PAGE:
Even at moderate and low total drug doses of paclitaxel, a fast-release kinetic can elicit a profound toxic response with considerable medial necrosis and stent malapposition at 1 month followed by an aggressive late neointimal “catch-up” at 3 months. It is understood that, despite limitations, the reaction of normal porcine coronary arteries to stent implantation at 1 month is reasonably similar to human coronary responses at much later time points, such as 6 months (5). Although we have shown in our previous work that a faster release kinetic is locally toxic in porcine coronaries at 1 month, there was nevertheless a widely patent lumen seen angiographically and histologically at this time point. Similarly, in the clinical trials of first generation paclitaxel- and sirolimus-eluting stents, evidence of “black holes” (14), “peristent” tissue (15), and late acquired stent malapposition (16) underscores the possibility that a widely patent lumen at 6 months may belie a healed, stable arterial wall. Necrosis of the smooth muscle cells in the tunica media likely triggers a loss of vascular tone with consequent distention/ectasia and separation of the vessel wall from the stent struts. Thrombus then fills in the void between the stent and the dilated vessel wall. Although this toxicity may be masked or reduced in diseased human coronaries, it seems plausible that at least some DES may achieve restenosis reduction at 6 months by a similar mechanism. The recovery period in humans may be as long as 18 months or even longer (17). Exposed stent struts and thrombus that we have shown at 1 month in pig coronaries (putatively equivalent to the 6-month point in humans) (5) may therefore provide an early marker for potential late DES thrombogenicity in the clinical setting.
We have shown furthermore in the present study that slowing the rate of paclitaxel release can mitigate toxic effects while still achieving a significant attenuation of neointima at 1 month. Although at 3 months, neointima suppression is not maintained in the animal model, there is no aggressive “rebound overshoot” neointima formation, as previously observed, but only a moderate “catch-up” to the control stent levels, and the histological markers of fibrin and endothelial-like coverage suggest a progressive stabilization and healing of the vessel over this period.
The relatively small numbers of animal subjects should be considered and the statistical analysis of data viewed accordingly when interpreting these results. Animal models do not precisely simulate responses to DES in humans (17). We did not perform in vivo pharmacokinetics, which may have provided correlative information to our histological observations and in vitro drug release measurements. Nevertheless, the in vitro data were sufficient to identify differences in relative rates of paclitaxel elution between polymers with different degradation rates. The in vitro data correspond with marked differences in coronary arterial responses between fast- and slow-release polymers.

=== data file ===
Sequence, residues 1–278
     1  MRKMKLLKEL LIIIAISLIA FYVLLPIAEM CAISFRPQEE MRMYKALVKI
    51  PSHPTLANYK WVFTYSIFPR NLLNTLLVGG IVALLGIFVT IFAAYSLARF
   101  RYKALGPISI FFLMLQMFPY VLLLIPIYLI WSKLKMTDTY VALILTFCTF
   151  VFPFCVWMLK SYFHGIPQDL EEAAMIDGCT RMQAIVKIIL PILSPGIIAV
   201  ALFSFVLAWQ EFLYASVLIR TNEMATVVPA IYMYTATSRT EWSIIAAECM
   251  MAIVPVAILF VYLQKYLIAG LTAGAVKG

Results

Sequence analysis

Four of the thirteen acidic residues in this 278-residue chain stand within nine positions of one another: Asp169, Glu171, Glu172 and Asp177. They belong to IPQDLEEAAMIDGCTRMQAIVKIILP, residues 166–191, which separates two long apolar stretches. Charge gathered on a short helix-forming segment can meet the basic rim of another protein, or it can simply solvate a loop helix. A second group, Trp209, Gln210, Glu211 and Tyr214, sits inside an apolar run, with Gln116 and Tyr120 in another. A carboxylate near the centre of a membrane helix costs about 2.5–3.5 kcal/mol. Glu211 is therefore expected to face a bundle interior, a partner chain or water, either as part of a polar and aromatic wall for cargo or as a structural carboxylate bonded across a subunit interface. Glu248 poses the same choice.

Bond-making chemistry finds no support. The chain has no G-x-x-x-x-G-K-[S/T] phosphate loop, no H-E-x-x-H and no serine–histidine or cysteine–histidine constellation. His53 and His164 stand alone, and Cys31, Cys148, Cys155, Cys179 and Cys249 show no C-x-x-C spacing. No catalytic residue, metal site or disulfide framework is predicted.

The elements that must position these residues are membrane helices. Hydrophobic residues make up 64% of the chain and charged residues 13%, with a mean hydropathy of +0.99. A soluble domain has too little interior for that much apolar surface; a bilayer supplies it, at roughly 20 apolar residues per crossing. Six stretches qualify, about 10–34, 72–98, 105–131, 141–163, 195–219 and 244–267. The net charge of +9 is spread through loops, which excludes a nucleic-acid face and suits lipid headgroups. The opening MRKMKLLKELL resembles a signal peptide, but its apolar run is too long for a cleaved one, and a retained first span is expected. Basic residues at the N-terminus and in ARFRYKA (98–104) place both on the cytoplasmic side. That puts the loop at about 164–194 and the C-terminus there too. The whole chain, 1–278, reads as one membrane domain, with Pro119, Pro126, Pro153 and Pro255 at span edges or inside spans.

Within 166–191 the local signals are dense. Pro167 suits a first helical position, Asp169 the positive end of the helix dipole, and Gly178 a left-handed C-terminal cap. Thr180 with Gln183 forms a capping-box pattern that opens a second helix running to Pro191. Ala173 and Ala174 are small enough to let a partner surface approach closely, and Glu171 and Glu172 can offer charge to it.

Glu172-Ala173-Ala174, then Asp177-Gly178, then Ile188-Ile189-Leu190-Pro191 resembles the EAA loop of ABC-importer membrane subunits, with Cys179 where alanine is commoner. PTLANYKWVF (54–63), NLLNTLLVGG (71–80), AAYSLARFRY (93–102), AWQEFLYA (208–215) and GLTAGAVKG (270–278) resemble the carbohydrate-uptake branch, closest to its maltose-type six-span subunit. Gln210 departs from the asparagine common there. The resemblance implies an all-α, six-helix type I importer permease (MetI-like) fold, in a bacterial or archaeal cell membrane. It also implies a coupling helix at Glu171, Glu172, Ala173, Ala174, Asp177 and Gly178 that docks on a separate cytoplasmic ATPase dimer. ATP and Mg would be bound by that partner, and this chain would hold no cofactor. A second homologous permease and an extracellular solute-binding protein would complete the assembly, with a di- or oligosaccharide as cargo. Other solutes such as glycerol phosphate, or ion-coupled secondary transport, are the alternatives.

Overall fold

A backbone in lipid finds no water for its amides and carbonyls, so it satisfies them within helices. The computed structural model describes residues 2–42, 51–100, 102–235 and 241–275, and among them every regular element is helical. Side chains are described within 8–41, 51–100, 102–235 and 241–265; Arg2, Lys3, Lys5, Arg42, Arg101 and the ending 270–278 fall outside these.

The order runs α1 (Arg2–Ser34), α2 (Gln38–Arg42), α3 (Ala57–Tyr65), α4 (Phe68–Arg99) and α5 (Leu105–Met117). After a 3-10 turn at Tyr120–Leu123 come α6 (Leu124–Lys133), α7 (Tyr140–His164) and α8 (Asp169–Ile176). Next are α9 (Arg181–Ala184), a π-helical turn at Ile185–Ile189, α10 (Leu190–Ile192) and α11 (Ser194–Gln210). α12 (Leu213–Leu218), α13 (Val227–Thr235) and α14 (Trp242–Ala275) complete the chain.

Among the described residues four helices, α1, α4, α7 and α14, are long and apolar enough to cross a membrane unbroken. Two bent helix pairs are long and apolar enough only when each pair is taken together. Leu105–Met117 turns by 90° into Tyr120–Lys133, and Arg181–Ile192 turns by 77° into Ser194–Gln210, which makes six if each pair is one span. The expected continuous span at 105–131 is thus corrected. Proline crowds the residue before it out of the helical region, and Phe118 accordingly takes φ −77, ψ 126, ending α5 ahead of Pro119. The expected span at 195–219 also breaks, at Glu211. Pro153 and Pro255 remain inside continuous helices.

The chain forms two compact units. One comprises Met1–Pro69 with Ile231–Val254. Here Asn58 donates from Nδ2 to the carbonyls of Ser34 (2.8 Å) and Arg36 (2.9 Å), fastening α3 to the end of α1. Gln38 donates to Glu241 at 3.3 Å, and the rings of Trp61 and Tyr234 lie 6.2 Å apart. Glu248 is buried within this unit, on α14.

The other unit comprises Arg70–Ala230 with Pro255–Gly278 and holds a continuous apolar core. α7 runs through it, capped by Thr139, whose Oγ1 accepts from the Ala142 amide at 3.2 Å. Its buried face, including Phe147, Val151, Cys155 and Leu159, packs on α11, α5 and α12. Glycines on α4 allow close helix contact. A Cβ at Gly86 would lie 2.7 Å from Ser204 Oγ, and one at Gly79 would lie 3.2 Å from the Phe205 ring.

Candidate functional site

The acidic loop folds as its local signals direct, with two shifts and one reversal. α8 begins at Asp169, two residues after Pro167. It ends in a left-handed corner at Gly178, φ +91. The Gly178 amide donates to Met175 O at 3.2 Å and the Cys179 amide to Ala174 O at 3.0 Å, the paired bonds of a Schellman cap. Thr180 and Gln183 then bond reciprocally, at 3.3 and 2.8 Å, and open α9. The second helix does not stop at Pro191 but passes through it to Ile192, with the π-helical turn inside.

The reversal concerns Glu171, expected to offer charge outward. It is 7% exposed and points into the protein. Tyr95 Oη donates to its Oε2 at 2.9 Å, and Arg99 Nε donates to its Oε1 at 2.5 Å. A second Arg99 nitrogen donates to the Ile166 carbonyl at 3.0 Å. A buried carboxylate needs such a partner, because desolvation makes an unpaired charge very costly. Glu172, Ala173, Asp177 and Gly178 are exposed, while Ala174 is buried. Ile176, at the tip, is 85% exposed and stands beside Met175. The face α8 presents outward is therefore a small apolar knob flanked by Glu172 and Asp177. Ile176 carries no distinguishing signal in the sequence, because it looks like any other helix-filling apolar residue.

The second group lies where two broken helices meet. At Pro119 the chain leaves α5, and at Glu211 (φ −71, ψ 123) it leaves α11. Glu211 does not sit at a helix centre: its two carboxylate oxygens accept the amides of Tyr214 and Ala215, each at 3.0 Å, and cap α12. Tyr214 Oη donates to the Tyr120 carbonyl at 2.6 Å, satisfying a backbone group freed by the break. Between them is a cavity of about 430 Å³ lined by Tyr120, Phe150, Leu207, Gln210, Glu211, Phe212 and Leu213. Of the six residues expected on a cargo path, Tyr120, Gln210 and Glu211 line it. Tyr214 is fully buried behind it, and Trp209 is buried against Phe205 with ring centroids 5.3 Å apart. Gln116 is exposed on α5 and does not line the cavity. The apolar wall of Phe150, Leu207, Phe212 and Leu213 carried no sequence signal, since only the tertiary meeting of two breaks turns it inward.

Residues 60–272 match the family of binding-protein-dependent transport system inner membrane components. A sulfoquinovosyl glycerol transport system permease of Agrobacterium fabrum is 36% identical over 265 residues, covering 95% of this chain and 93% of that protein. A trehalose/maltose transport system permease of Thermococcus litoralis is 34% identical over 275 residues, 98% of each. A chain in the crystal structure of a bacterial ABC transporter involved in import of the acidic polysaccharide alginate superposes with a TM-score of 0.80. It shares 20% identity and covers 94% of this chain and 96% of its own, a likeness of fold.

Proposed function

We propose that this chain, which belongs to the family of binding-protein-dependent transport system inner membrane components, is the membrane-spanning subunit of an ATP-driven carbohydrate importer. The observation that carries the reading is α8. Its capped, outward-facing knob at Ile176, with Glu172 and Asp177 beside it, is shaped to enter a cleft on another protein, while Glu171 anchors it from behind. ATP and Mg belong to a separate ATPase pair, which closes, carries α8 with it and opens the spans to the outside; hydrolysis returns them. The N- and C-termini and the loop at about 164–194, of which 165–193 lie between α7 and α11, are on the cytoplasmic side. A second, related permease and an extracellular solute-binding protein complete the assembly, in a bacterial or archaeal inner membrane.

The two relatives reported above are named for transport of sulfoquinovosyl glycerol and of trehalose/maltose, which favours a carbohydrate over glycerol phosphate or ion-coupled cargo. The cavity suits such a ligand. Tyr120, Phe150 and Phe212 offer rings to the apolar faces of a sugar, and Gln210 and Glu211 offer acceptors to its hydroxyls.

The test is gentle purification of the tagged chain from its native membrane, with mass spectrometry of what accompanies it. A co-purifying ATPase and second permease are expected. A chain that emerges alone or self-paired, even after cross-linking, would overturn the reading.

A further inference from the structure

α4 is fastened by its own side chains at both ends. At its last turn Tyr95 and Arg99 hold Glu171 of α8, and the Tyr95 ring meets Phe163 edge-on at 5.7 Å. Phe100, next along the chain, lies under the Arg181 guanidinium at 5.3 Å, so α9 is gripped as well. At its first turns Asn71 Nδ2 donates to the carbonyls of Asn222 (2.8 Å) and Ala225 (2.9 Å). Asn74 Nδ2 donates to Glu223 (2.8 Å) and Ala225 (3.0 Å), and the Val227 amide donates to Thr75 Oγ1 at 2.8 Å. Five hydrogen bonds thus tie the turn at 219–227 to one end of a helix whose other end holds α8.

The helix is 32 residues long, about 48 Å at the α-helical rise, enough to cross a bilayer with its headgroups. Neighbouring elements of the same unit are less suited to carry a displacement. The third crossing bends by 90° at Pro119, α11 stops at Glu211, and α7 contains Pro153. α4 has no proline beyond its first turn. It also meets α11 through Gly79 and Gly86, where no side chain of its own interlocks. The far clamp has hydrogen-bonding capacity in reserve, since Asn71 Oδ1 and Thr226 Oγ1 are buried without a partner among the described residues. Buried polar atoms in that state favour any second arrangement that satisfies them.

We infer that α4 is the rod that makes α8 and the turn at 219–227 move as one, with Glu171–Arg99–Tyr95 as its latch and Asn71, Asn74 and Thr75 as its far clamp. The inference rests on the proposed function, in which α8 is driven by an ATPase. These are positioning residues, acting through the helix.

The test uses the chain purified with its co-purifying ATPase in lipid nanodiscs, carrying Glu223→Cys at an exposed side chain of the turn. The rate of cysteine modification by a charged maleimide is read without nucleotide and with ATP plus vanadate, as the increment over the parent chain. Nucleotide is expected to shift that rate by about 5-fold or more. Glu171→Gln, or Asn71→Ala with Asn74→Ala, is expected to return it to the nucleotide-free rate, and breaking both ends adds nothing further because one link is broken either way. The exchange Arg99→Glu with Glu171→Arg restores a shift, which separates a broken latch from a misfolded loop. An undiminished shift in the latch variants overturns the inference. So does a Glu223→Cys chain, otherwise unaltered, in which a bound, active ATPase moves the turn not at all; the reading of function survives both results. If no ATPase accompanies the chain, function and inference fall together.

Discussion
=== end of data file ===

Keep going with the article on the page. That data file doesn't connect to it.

Favorable vascular compatibility and efficacy for a novel second-generation DES that elutes paclitaxel from a slow-release bioabsorbable polymeric surface coating were demonstrated in pig coronary artery stent implants. Our results furthermore suggest that the rate of release is a major determinant of toxicity and support the notion that the total dose of paclitaxel may be less relevant in this regard. The specific formulation of a bioabsorbable polymer and the associated drug elution profile profoundly influence the outcome of paclitaxel efficacy and toxicity in the pig model of coronary in-stent restenosis.
The authors would like to thank Audrius Abrutis for his assistance with the project management; Cindy Baranowski and Connie Micko for their expert technical assistance with the histologic section preparation; Jourdan Davis for her support with the stent implant procedures; Addrena Taylor for her assistance with the necropsy and tissue preparation; as well as Johnail Arrington and Traci Goodchild, PhD, for their contribution to the histomorphometric measurements.
↵1 Mr. Conway and Dr. Molema are employees and shareholders of DISA Vascular.
Supported by a research grant from DISA Vascular Ltd., but all contents are solely the responsibility of the authors.
- Abbreviations and Acronyms
- analysis of variance
- bare-metal stent(s)
- drug-eluting stent(s)
- external elastic lamina
- internal elastic lamina
- polymer-based paclitaxel-eluting stent(s)
- polylactide coglycolide
- polymer-only-coated stent(s)
- Received August 22, 2007.
- Revision received November 26, 2007.
- Accepted November 29, 2007.
- American College of Cardiology Foundation